Loverock Davidson
  • RE: Magic Trackpad: gestures for the rest of us

    Using gestures on my Macbook Pro has been a great experience, and once you get use to it, it really does speed up how you work with the machine. In fact, when using my older G4 tower, I now find myself starting to gesture, only to then remember that I don't have that functionality with the G4--and apparently, never will with Apple's new trackpad: you have to have Snow Leopard installed, and the G4 can't go beyond 10.5.8.

    It's disappointing that only Snow Leopard users can use this--and I would have bought one too.
  • RE: Magic Trackpad: gestures for the rest of us

    I have to say, gesture-based PC control is not my thing. From my experience with a gesture-enabled Asus Eee PC netbook, the gestures are too imprecise when compared with a mouse with scroll wheel and programmable secondary buttons. Even the touchpad by itself is more trouble than it's worth when using some of the available gestures.

    Given what I've read in reviews of the Magic Trackpad, I think I'll stick with my Microsoft mouse.
    • Comparing Asus and Apples

      I don't know what gestures Asus defines, but the gestures in OS X are simple, easy, and actually very precise. The very first thing you notice is that the number of fingers on the trackpad instantly defines the "subset" of gestures you will be using such as navigation, history, Expose (similar to AeroPeek in some ways), zoom, and scroll.

      Since the gestures themselves are based on the OS and the hardware involved I don't think you can use them on one system and apply that expectation directly to another. I use trackballs on my Windows laptop and my Mac Pro, a Microsoft Curve mouse (excellent product) on my Asus desktop, and Apple's gesture based trackpad on my MacBook. I prefer the trackpad overall.

      The final thing I would add is that the trackpad itself is crucial. Apple's are large and nearly frictionless with their glass surfaces (MUCH smoother than the iPhone screen). That makes all the difference. If I could use the exact same gestures on my Windows laptops, I absolutely would not do it. The textured plastic on one and the friction inducing plastic on the other would make the experience unworkable. The 3 or 4 default gestures that are programmed into each are horrible, not because of the gesture, but because of the hardware. I don't use them on those machines.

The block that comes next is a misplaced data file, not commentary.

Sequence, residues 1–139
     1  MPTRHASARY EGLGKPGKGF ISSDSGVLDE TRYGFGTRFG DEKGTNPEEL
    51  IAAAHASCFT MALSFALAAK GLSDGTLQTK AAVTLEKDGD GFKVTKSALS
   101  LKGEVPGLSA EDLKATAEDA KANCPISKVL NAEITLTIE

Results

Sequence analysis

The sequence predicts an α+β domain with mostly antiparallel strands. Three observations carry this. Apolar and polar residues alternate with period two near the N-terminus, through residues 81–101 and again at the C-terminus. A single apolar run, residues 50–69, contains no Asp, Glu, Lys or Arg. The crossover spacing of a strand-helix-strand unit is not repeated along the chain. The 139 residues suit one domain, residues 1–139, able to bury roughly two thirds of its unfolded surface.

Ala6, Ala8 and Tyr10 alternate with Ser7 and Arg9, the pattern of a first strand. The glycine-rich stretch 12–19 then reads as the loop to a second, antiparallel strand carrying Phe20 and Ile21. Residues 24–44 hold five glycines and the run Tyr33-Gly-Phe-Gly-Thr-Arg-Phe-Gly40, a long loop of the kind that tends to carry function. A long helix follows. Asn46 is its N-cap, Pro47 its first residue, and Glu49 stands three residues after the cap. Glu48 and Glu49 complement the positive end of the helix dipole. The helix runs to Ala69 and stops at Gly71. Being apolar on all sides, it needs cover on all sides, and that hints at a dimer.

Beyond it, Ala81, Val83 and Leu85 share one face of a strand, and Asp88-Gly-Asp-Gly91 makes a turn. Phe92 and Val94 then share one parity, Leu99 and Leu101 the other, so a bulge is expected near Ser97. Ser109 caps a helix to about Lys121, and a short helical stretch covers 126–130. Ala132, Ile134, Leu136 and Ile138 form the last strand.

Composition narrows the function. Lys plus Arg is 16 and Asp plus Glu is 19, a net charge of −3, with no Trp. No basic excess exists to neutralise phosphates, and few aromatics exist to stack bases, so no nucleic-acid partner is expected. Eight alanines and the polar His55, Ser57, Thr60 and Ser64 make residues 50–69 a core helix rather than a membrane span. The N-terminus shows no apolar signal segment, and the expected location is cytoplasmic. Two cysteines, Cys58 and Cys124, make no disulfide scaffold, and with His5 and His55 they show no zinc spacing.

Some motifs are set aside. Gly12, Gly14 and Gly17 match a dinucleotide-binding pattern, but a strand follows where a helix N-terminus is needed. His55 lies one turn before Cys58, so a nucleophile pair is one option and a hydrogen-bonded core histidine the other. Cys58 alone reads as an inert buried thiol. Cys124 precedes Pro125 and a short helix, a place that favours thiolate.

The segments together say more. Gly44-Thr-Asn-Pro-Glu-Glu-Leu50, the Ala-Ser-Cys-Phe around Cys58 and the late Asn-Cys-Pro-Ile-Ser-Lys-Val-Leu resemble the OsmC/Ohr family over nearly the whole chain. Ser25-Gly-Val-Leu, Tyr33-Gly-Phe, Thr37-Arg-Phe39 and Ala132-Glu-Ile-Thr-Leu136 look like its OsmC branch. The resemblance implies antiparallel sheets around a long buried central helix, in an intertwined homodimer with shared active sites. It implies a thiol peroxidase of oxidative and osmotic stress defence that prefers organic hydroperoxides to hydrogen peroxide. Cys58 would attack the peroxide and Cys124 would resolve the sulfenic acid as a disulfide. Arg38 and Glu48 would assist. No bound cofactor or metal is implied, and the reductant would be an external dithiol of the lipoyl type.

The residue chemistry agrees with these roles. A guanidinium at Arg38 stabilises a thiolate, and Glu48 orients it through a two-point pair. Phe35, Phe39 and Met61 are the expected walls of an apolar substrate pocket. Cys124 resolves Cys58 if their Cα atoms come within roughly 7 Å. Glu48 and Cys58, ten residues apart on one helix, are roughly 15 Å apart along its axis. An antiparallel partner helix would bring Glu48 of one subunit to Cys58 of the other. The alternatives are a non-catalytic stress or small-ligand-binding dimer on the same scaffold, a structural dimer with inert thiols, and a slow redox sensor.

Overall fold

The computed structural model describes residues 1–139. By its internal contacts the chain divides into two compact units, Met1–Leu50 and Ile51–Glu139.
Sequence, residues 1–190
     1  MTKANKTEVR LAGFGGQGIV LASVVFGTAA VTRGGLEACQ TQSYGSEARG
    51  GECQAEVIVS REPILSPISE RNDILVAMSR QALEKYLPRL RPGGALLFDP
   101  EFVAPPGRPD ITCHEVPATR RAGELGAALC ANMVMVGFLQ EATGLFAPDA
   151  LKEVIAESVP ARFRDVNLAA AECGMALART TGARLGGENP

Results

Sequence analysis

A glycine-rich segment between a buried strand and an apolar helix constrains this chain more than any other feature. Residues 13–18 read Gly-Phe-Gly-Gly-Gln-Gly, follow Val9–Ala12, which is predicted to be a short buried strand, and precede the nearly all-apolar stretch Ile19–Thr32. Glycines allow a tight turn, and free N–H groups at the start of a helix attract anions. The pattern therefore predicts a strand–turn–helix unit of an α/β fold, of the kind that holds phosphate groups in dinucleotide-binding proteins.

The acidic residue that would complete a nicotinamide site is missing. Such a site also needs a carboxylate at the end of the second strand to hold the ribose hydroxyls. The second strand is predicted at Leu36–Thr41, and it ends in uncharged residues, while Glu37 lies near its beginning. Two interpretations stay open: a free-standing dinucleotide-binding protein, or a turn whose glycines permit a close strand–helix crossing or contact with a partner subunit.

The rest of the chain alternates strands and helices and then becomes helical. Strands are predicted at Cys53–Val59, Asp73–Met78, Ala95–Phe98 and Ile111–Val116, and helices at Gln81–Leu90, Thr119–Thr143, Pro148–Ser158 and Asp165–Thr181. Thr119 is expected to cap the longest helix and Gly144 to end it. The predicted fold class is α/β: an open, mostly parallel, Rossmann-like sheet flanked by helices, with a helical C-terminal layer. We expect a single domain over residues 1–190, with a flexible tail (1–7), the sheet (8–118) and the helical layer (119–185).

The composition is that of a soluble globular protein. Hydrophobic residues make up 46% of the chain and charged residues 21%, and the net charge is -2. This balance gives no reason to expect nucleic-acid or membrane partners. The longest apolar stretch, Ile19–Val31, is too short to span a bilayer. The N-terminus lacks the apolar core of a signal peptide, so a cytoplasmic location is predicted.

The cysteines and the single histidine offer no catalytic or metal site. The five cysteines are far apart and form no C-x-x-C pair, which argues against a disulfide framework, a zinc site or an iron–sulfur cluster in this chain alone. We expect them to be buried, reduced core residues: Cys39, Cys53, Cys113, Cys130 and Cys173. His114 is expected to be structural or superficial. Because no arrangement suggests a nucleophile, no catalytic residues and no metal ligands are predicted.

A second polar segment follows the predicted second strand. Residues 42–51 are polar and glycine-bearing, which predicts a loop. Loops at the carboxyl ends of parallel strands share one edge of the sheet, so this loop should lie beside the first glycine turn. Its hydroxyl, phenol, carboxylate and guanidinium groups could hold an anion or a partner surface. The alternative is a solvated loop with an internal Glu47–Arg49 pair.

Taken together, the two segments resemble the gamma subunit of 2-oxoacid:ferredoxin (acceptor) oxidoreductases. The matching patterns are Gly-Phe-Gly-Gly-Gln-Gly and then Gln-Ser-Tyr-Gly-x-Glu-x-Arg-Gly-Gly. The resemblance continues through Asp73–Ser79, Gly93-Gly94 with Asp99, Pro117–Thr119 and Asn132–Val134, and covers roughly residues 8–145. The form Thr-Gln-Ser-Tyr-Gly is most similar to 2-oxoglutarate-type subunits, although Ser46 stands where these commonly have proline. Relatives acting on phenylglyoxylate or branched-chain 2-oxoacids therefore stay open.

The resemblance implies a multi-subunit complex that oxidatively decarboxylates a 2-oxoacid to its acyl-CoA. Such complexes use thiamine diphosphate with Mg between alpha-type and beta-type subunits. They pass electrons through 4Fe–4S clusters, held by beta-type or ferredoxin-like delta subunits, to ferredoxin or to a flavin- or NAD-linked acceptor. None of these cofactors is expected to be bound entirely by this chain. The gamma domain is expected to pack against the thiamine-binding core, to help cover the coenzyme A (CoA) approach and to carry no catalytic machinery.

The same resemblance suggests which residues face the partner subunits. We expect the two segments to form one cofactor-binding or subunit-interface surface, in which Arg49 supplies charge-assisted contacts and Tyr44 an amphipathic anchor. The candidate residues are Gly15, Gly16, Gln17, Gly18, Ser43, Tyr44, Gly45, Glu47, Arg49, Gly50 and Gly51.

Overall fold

When it comes to gesture input, the whole is decidedly more than the sum of it's parts.
    • RE: Magic Trackpad: gestures for the rest of us


      You know, a lot of this probably has to do with the following:

      1. a poorly written track pad driver
      2. a poorly designed/insensitive track pad on your Asus Eee PC netbook

      What a lot of people forget is that the same listed features on different computers does not mean the same experience. So, just because a PC laptop has "gestures" and a Mac laptop does too doesn't mean that the implementation on either machine are exactly alike.

      On my Mac, I use some gestures but not all of them. The ones I used the most are swiping left and right, and up and down. I also use the rotate and zoom motion for photos or when reading PDF. That's about it. There are other gestures that I don't use and turn off. So, another point here is that just because a trackpad comes with gestures doesn't mean you have to use all of them. Pick the ones most natural or meaningful for you to use and turn off the other ones. Simple.
  • To Gesture of not to Gesture

    Well, I guess it's okay, if your're wanking, and there's certainly nothing wrong with wanking. It's absurd for any kind of serious production, which leads to another problem of perception. Not only do I look even sillier than normal when gesturing, but I'm broadcasting to the world that I'm wanking, which is even worse for those wankers who believe their wanking is actually productive! They didn't realize how silly they looked, or how silly they WERE with the "ear cells", and these same unfortunates have no idea how silly they look when gesturing. So I'm sticking with my cordless trackball. It's a style/privacy issue...
    • RE: Magic Trackpad: gestures for the rest of us

      I had no idea anyone was looking at me while I was using my computer. But then, I don't really mind, if that's what they want to do. And I don't think I look silly...
  • RE: Magic Trackpad: gestures for the rest of us

    I have arthritis, dupuytren's contracture, and trigger finger all in my right hand. Using a mouse all day long leaves my hand throbbing and useless. I loved the Magic Mouse, still do. The gestures are intuitive and there's no trackball to gum up.
    I had never really liked trackpads on my Macs. Shifting to the center of the keyboard just didn't feel right. However, having the Magic Trackpad where my hand would normally be resting on a mouse seems very natural. I can open my hand and relax the tendons and still be productive. I've had it a week now and consider it the next wave of user interface for personal computers. Anyone with any physical issues with using a mouse should give it a test drive.